Joshua Kraut, MS
Senior Data Insights Engineer
Flatiron Health
Seattle, WA, USA

Registration Rates for ISPOR Short Courses

8 Hour | 2 Day or 4 Day  Short CourseNon-member
Rate
Member Rate
Standard $680$510
Clinical Practitioners$510$385
Full-Time Government and Academia$475$360
Patient Representative$340$225
Full-Time Students (must provide current enrollment docs)$200$160
  
4 Hour | 1 or 2 Day Short CourseNon-memberMember Rate
Standard$340$255
Clinical Practitioners$255$190
Full-Time Government and Academia
$240$180
Patient Representative$170$130
Full-Time Students (must provide current enrollment docs)$100$80

The cancellation date for short courses is 2 weeks before the course. All cancellation requests must be made in writing and emailed to ISPOR Registration. A $50.00 cancellation fee applies. After the 2 week period no refund can be provided.

Additional Short Course Program Details

Short Course Tracks

ISPOR short courses are offered across the following topical tracks:

  • Economic Evaluation
  • Methodological & Statistical Research
  • Study Approaches
  • Real World Data & Information Systems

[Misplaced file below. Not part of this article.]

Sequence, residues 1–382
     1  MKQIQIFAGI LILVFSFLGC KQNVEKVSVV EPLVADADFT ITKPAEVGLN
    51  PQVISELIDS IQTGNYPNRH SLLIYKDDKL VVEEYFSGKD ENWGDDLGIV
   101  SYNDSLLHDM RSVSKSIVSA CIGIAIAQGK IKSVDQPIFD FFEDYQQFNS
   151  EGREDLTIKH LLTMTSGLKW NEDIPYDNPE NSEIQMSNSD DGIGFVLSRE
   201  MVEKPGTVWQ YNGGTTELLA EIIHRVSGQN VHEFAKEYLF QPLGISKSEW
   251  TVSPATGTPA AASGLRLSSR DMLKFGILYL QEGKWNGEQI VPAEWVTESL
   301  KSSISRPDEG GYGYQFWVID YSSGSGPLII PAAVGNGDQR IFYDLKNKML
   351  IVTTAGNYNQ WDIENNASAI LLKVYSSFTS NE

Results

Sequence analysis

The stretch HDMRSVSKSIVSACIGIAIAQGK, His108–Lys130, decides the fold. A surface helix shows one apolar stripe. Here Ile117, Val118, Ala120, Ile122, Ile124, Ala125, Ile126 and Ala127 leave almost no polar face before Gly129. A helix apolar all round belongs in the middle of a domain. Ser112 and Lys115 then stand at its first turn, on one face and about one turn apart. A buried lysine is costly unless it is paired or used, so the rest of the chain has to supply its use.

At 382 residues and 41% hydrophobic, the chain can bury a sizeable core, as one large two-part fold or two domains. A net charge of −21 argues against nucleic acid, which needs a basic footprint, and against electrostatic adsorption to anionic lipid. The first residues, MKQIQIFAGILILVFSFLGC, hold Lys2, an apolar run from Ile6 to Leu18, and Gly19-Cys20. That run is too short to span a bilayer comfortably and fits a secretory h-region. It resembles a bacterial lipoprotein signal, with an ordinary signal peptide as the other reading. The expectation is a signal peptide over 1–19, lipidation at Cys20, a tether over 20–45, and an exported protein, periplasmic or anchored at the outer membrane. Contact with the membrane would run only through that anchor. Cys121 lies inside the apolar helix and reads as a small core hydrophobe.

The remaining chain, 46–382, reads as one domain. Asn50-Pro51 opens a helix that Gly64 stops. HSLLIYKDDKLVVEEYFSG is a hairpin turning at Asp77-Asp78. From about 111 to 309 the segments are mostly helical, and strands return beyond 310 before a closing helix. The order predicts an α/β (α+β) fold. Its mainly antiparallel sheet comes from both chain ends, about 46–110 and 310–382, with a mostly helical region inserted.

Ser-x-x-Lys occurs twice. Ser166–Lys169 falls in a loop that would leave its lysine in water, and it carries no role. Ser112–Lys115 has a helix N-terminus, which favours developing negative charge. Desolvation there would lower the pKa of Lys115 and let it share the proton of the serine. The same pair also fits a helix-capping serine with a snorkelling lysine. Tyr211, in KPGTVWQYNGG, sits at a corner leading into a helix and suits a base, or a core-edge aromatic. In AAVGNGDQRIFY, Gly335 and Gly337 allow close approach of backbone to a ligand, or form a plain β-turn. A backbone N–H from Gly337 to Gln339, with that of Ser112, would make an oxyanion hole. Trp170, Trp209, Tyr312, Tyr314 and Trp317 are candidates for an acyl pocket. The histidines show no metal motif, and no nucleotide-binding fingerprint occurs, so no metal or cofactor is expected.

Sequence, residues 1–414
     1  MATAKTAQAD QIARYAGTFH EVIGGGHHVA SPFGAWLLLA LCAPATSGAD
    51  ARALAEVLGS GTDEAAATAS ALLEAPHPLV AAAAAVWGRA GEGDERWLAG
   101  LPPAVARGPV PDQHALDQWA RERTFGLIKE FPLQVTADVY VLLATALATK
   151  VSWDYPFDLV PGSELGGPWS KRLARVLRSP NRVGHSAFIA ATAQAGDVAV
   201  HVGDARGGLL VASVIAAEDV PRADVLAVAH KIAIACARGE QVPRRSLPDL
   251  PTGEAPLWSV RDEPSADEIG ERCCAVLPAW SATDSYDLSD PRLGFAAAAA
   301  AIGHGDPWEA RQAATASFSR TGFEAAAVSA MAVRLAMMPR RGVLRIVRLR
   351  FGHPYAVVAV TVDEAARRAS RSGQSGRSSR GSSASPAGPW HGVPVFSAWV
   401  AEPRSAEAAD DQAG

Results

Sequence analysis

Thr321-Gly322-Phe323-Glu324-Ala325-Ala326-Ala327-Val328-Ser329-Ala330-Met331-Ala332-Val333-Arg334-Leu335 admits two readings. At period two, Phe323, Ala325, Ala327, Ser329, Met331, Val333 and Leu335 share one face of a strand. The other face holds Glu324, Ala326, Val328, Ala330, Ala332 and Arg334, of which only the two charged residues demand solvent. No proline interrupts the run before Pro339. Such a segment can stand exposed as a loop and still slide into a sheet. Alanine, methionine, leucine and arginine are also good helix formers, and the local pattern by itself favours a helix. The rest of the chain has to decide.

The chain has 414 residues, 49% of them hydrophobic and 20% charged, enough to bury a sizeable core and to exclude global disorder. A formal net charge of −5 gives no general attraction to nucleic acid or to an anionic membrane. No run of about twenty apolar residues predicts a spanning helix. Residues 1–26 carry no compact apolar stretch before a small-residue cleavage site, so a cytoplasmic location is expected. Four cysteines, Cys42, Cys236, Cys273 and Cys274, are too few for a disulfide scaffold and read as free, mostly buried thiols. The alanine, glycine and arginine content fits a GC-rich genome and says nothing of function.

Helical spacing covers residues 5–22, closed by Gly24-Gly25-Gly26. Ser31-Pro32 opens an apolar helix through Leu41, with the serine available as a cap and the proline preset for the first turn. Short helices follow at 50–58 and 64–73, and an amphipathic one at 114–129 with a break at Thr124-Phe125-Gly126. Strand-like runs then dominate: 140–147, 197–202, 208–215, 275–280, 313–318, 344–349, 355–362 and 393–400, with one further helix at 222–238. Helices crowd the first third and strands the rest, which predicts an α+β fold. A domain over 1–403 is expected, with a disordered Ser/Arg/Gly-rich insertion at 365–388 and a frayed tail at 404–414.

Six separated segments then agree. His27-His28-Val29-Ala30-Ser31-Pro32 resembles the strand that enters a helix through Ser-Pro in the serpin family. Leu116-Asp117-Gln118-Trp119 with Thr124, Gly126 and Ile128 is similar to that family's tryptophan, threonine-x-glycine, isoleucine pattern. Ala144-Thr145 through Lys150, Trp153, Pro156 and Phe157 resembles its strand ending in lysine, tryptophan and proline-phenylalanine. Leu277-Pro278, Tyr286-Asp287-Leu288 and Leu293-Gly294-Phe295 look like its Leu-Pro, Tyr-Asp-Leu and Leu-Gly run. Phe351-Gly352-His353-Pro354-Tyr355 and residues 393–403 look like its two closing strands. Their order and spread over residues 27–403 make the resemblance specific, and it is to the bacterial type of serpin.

• Patient-Centered Research
  • Health Policy & Regulatory
  • Health Technology Assessment

Short Course Core Curriculum

ISPOR short course core curriculum is defined as essential curriculum for professional success in the HEOR field; courses/topic areas that are offered at all conferences and the building blocks of a fundamental curriculum that can be applied to future educational programs/offerings.

  • Economic Evaluation
    • Introduction to Health Economics and Outcomes Research
    • Statistical Methods for Health Economics and Outcomes Research
    • Budget Impact Analysis I – A 6-Step Approach
  • Methodology & Statistical Methods
    • Introduction to Modeling Methods
  • Study Approaches
    • Introduction to the Design & Database Analysis of Observational Studies of Treatment Effects
    • Meta-analysis & Systematic Literature Review
    • Network Meta-Analysis
  • Patient-Centered Research
    • Introduction to Patient-Reported Outcomes
    • Utility Measures
  • Health Policy & Regulatory
    • Elements of Pharmaceutical/Biotech Pricing
    • Risk-Sharing/Performance-Based Arrangements for Drugs and Other Medical Products
    • Global Payers/US Payers
  • Health Technology Assessment
    • Introduction to Health Technology Assessment

 

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Contact us for more information on ISPOR education and training.